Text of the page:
Year 4 of teacher may have whitewashed my metaphorical fence and replaced several damaged boards, I can still see some of the graffiti and burn marks from year three.
I live on Kilian Betlach’s Ledge to this day, but year three was the one that I had purchased a glider and leaned back before the leap when I put a note in my day calendar three months into the future that read “If you still feel this way, you need to find a new job.” Year 1 was manic and amazing. Year two sobered me up and I focused a bit too much on what I wasn’t doing, but it was a good battle. Year 3 was the one everyone said gets easier and I spent it feeling like I had been run over by Optimus Prime (childhood crush, so rather devastating, really).
I spent Year 3 feeling like I was tilting at windmills. No matter what I tried I couldn’t get [enough of] the students to care and grading seemed like a farce and what the hell was up with the textbooks? While I’m sure that my bizarre belief that everything would magically get better that year contributed to the feeling of purgatory, I believe that the true cause of my despair came from finally knowing enough to see the flaws in systems I had blindly adopted from my more experienced peers and my years of experience as a high school student. It’s like someone gave me paper and a few directions with three pictures and told me to create a 200-step origami crane.
So what made me return the glider and take a two steps back? The same things that kept me a math major in college: turning off the “I suck” mental track and reading way too many things on the internet. I can’t even say where it started, but I think my early Google searches were “Teaching Algebra 1” and “Algebra 1 failure rate” which lead to some articles and district websites from the Midwest about how they were addressing the high failure rate. Then I started finding blogs of math educators. In this reading I noticed a lot of them mentioning some guy names Dan Meyer, so I figured I would check him out.
Big mistake on a Sunday night. Huge. I don’t even know when I went to sleep, but the morning started and I practically assaulted my principal at 6am (he gets in early like that) and begged him to read a few posts and please please please let me figure out how to implement that type of grading system in algebra 1 and I’ll align it to the state standards and I just have to do this since it’s the only thing that’s made sense to me all year.
That was December of 2008. My principal–being the intelligent, rational person he is–gave a green-light to test it out in some algebra 1 restart classes we had decided to implement in second semester (read:the first semester of algebra 1 for students who got less than a 50% in the second semester). Over winter break I ripped apart the state standards (think Civilization tech tree with individual skills grouped by the standard they go with) and aligned them with my district’s Alagebra 1 textbooks. I got a colleague on board with me and we dove in that second semester.
There was definite fumbling in the beginning and some “oh, wow, never do that again” moments, but the conversations in those classes changed from “I failed the chapter 3 test!” to “I can’t solve multi-step equations!” I recognize that that seems so small, but it was as though someone gave me another 20 folding directions for the crane–it was hope that I could do this teaching thing and effect positive change.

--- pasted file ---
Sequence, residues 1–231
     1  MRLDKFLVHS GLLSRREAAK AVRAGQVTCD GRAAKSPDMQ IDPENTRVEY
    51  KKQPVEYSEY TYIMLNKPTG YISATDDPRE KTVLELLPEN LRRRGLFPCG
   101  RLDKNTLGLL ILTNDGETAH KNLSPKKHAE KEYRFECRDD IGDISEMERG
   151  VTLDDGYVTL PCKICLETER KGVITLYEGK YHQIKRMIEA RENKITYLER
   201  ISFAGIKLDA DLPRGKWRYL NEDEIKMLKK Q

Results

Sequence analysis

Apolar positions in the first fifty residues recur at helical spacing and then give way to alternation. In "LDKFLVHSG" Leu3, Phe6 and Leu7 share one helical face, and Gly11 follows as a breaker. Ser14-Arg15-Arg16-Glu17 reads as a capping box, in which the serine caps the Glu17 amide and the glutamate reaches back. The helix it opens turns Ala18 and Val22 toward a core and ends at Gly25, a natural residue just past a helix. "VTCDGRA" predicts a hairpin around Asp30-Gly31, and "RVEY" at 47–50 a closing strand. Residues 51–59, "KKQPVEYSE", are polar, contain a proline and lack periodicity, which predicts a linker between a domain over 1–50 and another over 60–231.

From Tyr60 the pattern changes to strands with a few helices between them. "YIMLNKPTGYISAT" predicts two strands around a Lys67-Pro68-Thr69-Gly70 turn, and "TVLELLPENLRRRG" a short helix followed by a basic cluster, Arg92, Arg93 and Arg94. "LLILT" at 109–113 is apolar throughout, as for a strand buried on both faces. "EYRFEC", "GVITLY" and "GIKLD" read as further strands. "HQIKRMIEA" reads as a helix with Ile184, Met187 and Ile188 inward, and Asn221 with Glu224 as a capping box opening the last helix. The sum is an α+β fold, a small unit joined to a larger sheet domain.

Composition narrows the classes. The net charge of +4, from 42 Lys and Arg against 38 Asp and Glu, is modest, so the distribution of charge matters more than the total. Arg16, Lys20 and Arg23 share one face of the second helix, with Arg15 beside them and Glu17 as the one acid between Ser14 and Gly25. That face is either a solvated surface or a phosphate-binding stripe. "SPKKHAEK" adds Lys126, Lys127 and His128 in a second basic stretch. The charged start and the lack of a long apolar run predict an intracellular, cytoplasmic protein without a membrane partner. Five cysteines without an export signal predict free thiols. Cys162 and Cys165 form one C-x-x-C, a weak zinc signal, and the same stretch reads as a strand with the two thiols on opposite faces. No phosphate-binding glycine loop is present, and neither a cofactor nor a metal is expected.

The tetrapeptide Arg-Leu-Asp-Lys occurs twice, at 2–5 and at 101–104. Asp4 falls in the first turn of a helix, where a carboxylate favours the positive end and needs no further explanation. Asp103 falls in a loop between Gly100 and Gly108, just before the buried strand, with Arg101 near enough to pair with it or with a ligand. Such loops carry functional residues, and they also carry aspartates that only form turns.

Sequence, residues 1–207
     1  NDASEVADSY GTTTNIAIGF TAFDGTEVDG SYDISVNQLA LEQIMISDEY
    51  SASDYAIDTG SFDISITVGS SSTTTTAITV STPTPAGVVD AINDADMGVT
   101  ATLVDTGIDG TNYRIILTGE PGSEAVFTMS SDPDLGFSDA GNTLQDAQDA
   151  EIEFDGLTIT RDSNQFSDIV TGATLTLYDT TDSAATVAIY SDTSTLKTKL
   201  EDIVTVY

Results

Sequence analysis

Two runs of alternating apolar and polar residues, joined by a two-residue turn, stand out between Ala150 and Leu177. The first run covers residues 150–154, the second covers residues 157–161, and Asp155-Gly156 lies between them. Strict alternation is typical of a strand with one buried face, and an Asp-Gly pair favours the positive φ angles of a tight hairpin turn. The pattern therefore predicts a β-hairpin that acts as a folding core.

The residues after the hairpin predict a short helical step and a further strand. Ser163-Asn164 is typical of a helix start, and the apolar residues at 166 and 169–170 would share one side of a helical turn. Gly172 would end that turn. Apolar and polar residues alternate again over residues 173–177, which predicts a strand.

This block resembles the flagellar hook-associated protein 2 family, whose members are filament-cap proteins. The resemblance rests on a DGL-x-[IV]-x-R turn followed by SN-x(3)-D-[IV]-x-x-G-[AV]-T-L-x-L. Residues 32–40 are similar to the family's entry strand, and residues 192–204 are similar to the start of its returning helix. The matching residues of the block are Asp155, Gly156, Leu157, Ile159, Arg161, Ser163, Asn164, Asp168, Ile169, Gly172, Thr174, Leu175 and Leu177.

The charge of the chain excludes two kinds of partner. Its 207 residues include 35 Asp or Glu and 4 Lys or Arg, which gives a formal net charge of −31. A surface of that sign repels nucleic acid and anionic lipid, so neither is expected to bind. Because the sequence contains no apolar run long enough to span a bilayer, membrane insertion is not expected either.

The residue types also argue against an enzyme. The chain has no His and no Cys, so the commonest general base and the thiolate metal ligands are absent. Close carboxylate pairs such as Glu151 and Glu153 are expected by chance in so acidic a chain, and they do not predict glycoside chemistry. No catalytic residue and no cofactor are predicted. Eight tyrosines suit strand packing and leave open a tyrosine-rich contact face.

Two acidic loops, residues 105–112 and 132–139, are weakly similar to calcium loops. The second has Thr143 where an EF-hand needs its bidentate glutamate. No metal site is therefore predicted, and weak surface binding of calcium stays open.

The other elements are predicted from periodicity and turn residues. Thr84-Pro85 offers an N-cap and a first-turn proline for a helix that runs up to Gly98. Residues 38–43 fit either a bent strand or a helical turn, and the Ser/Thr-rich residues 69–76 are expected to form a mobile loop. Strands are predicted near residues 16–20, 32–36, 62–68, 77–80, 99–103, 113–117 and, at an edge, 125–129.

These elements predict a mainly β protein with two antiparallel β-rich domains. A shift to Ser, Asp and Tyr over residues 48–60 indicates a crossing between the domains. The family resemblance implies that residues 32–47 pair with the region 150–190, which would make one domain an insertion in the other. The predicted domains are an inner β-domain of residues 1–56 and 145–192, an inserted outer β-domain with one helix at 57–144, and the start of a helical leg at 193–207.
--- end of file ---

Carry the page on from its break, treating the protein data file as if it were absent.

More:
Year 4 brought about a big class-shift for me: four Algebra 1 classes became one Algebra 1 Support class and the rest was fleshed out with Precalculus and two classes of the PreCalc-alternative. A part of me cried for joy after seeing that line (trig and I have deep love) and the other part wondered what would happen to all the work that had been done that year. Luckily, my colleague and I got the other Algebra 1 teachers to agree to adopt the standards-based-grading we had developed based on Meyer’s system and he also took up the Algebra 1 Czar mantle and helped keep the classes rolling.
As I was more or less out of the main Algebra 1 world (and classes that have official state standards), I turned my attention this past year towards using the grading method in the upper-level classes. I chose in the end to keep the regular tests and use the skill-assessments as my quizzes. I kept a chart on the wall showing the class averages in the skills. I had lines during certain times of the year 15 students deep next to my desk waiting patiently for some help on a quiz skill or to get one to retake because they had already hauled someone out of line earlier and requested peer-tutoring. I was so happy on those days it came out a bit like maniacal laughter, but by then the students were used to my special brand of crazy so they more or less ignored it.
The world is by no means sunshine and unicorn tails (I do live in Washington), but having affected change in my classroom and at my school in this one way I feel capable of making other changes. I also know enough about myself as a teacher to know that I need to pick one big thing for Year 5 to focus on (eliciting student thoughts is in the lead atm) and to be patient about the changed. Patient only learning a few more folds on my crane every year.
So that’s where I’m at now. Mentally, at least. Physically I’m at PCMI in Utah, but this Institute deserves several of it’s own posts and will get them after I finish and post my grading manifesto (lest Sam Shah become vexed).
Lastly, this post is dedicated to Dan Meyer. I am not sure I would have made it out of Year 3 without his blog and the inspiration it gave me to get off the ground and jump back into the good fight. My work is once again, as put by Noel Coward, “more fun than fun.” I couldn’t ask for anything more.